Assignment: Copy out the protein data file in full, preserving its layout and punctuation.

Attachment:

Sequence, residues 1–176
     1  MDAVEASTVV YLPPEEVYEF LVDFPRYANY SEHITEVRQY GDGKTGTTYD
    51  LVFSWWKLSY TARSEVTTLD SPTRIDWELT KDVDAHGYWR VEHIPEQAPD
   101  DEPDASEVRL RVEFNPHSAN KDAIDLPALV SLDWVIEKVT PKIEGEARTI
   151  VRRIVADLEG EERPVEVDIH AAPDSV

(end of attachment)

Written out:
Sequence, residues 1–176
     1  MDAVEASTVV YLPPEEVYEF LVDFPRYANY SEHITEVRQY GDGKTGTTYD
    51  LVFSWWKLSY TARSEVTTLD SPTRIDWELT KDVDAHGYWR VEHIPEQAPD
   101  DEPDASEVRL RVEFNPHSAN KDAIDLPALV SLDWVIEKVT PKIEGEARTI
   151  VRRIVADLEG EERPVEVDIH AAPDSV